Meet Spike, officially the world’s oldest living dog

(CNN) — Spike, a 23-year-old Chihuahua mix from Ohio, was named the world’s oldest living dog by Guinness World Records (GWR).

Born in November 1999, Spike earned bragging rights on December 7, 2022, with a certificate proving he was “at least 23 years and 7 days old” on the date of verification in Camden Town.

Spike’s owner, Rita Kimball, has had it for nearly 14 years, after finding it abandoned in a grocery store parking lot in 2009, the GWR explained in a statement sent to CNN on Friday.

“He was shaved on the back, had blood stains around his neck from a chain or rope and he looked pretty tough,” Kimball said.

After a grocery store clerk told him the dog—nearly 10 years old—had been there for three days, Kimball decided to take him back to his farm.

“Spike jumped up and sat on the seat, like he knew where we were going. He was meant to be,” Kimball said.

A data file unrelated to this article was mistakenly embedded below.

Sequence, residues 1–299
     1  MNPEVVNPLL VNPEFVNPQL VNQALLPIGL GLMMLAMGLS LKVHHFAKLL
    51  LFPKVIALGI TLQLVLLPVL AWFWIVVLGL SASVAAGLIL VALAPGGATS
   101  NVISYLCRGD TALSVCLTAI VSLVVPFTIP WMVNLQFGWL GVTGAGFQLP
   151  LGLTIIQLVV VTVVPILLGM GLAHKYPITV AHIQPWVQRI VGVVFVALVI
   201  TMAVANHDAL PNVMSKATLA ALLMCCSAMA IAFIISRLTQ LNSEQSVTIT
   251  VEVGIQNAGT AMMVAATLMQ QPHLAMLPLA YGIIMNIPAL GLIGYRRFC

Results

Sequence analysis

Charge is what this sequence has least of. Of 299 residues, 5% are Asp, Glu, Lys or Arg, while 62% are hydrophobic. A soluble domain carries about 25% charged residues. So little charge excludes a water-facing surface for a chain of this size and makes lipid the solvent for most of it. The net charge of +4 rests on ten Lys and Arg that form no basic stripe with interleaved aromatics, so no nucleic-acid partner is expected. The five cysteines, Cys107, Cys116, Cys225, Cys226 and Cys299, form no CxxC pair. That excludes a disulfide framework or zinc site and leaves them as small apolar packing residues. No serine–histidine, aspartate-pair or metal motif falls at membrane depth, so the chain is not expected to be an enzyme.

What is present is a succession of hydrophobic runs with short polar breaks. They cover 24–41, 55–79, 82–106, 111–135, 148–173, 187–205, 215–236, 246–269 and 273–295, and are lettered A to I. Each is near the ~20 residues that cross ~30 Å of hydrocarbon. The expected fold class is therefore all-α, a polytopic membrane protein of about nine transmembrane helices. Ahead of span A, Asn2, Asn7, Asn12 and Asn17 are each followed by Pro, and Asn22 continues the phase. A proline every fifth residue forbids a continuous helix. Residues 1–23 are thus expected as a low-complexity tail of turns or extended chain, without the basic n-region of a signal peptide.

Taking inspiration from the big, aggressive dog in the “Tom and Jerry” cartoons, Kimball named his friendly little new friend “Spike,” according to GWR.

Spike is the oldest dog in the world.

Spike is the oldest dog in the world, according to Guinness World Records (GWR)

“Spike was a big dog name. My boy was little, but he had the big dog attitude,” he added.

According to GWR, Spike, who weighs just 5.85 kilograms, had “survived multiple attacks” from other animals and was “getting stronger each time.”

Kimball first realized Spike had a chance to become top dog when he heard “The Tonight Show” host Jimmy Fallon discuss a former record holder, Pebbles the fox terrier, who died in October 2022. .

Spike won the throne from Gino Wolf, who was verified in Los Angeles on November 15, 2022 as the then-oldest at 22 years and 52 days, the statement added.

Spike is now considered a celebrity in his family, Kimball said, adding that the elderly dog, who is nearly blind and hard of hearing, prefers to spend time with people he knows and visit the animals on his farm.

According to GWR, the longest-living dog reliably on record was an Australian cattle dog named Bluey, who died in 1939 at the age of 29 years and five days.

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